Monday, June 7, 2021

Rambling Through a Garden of Memory


I have only one hollyhock this year but it makes me very happy. I always wanted a row of them--against, perhaps a white picket fence but that's not happening. Neither are the masses of delphiniums I once coveted and tried to grow but failed. I walk around and see the ghosts of those garden dreams.


Many years ago I had a bed of fancy roses--but the spraying that seemed necessary to keep them alive and blooming was too much. I do have this fine little red rose--a gift from a neighbor back in '76. She rooted it from her own shrub--put a cutting in the ground and covered it with a Ball quart jar. Forty-five years later, it's still going strong.

Another survivor that makes me happy is this perennial Bachelor's Button.  Therese in France featured one on her blog maybe ten years ago and I was enraptured with the gorgeous cobalt blue and lavender bloom. I acquired a plant soon after and every year at this time, it makes me think of my blog friend in Toulouse.

Everywhere I look, there are ghosts and memories--the tidy Japanese influenced plantings around the goldfish pool that have renounced their dwarf evergreen status and are striving for wilderness designation, the Angel Wing Begonias my grandmother gave me when we moved from Tampa, the lilac that was a gift from a departed friend, the orchid cacti from a tenant about twenty years ago, the Weeping Willow and the River Birch that were skinny sticks when I planted them  . . .

You can grow a lot of memories in almost half a century.



 

9 comments:

Barbara R. said...

Yes, and your own roots on that land are strong and deep also!

Sandra Parshall said...

I always enjoy seeing your plants. You have a lovely setting for growing memories.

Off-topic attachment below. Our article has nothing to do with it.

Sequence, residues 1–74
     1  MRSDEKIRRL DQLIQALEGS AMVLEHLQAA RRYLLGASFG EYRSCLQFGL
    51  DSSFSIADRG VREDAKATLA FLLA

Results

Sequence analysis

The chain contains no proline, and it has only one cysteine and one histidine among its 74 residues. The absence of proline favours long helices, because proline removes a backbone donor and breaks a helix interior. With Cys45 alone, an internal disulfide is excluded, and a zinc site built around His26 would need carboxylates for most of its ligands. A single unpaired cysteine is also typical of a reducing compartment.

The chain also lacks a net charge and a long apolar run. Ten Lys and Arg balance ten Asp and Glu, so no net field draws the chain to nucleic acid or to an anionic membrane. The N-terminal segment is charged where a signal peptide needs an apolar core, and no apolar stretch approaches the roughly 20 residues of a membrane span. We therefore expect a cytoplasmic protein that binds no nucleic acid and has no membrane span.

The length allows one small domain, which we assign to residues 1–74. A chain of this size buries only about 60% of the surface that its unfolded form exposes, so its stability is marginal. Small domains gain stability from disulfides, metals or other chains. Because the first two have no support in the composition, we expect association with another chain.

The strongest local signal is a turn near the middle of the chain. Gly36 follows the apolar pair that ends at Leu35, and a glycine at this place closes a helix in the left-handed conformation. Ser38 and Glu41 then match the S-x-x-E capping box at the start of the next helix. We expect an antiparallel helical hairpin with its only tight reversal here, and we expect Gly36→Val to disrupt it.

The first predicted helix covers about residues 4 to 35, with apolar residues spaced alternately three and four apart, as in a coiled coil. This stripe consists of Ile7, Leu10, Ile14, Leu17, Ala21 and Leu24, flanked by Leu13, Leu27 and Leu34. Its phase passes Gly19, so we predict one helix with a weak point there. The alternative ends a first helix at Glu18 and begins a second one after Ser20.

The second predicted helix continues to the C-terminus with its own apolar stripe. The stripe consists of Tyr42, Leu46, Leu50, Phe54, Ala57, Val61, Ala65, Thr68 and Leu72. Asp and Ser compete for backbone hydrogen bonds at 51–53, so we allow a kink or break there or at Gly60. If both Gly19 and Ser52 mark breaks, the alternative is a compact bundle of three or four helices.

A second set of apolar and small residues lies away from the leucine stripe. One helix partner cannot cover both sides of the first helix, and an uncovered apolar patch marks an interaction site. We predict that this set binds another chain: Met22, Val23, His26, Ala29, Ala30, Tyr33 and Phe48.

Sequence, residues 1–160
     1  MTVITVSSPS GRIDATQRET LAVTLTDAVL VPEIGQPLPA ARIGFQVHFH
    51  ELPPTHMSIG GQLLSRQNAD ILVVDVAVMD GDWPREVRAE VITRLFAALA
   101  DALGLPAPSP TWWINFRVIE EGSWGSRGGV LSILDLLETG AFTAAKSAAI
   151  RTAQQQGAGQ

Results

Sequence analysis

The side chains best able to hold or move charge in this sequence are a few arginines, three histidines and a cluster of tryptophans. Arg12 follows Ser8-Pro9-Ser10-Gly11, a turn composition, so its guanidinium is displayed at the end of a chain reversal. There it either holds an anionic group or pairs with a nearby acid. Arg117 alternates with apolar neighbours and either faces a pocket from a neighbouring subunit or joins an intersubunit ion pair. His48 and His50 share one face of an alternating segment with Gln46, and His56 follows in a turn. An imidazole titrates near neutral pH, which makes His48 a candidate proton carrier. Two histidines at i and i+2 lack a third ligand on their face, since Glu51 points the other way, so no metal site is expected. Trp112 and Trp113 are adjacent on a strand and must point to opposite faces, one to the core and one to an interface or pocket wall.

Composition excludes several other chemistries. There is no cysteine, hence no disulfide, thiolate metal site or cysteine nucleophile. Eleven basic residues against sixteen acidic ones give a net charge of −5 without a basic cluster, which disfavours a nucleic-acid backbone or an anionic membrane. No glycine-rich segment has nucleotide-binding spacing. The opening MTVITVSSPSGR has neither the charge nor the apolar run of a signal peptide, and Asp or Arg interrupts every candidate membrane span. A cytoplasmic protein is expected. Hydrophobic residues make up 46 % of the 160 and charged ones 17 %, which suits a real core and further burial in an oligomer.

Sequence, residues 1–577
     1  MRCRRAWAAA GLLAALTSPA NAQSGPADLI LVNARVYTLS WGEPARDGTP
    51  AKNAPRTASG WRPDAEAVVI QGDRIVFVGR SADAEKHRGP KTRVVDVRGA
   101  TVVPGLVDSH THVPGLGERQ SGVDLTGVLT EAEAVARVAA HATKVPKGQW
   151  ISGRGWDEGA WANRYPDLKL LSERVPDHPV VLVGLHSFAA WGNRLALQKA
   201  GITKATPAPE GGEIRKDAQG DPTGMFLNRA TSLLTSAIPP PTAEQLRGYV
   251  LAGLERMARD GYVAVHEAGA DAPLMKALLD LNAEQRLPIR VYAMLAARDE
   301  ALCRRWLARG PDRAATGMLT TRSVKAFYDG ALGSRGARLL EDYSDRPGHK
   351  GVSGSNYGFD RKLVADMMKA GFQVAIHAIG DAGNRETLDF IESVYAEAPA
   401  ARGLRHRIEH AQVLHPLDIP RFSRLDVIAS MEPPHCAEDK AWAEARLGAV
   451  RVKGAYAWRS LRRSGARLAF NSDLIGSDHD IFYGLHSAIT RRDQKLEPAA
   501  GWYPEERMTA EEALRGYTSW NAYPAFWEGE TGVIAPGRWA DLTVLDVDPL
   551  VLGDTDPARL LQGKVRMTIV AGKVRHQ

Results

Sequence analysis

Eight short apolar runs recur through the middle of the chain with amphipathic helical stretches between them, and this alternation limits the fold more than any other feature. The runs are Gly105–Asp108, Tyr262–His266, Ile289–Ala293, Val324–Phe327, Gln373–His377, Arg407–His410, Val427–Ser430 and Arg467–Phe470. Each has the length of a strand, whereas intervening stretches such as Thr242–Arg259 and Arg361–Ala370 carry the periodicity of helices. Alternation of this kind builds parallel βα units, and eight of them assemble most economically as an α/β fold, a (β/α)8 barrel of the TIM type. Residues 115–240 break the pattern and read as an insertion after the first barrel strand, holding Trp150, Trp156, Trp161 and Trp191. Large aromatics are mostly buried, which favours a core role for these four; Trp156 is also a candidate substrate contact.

Marcia said...

Gardens do change over time and to keep themas planned requires so much tending. I cant believe I'm starting over again! The white iris are planted in what is a temporary spot. I've done that with daylilies my daughter brought from her Buffalo garden and Siberian iris a friend of hers brought when she visited here last week to see Sarah. So much of my perennial garden planning and planting is on hold as we await the tree and landscape company we contracted with in early January to remove trees and overgrowth. It's very frustrating not to have phone calls and emails responded to. I just want to know where we are in their queue.

I finished your book. It was such a tragic tale. The different voices was the perfect way to tell it, too. I must figure out how to write a review for you on Amazon very soon. One question who was Pearl Massey mentioned in your dedication?

katy gilmore said...

I loved reading about these garden ghosts!

Anvilcloud said...

Our little front garden has changed a lot in less than 15 years. As the tree in the centre grew and cast more shade, some plants didn't survive, and we are turning more to hostas.

Janet Morrison said...

I love that red hollyhock! Your post today really hits home with me. I have visions of beautiful flower beds in my head, but the reality to quite different. I should just appreciate each flower and it's history (such as the peonies that belonged to my grandmother who died in 1946 -- and they're still going strong) and not worry about the flower bulbs the squirrels dug up or the blackeyed Susan leaves the rabbit ate as soon as they sprouted. Every flower is a gift.

Pennelainer said...

I adore Hollyhocks,but have not been successful in growing them. We must have seen some of the same old illustrations of rows of them growing against a wall or a fence. Your red one is just enchanting. Now I want Bachelor’s Buttons! Thank you for sharing!

Vicki Lane said...

The dedication was to Pearl Massey's daughter--a local fan who had probably heard me mention at a library event that I was working on a book about the Massacre. Some years later, she came up to e in the grocery store parking lot and told me I needed to finish the book while she could still see to read. That stuck with me and encouraged me to finish the dratted thing. I wanted to dedicate it to her but couldn't remember her name. I did remember she said she was Pearl Massey's daughter. (I've since learned her name is Pam Cooper.)

Thérèse said...

Personally I think that a garden is nothing if it brings not the memories that each plant wants you to hold. And going through your garden through the years and through your pictures and stories brings me a lot of joy.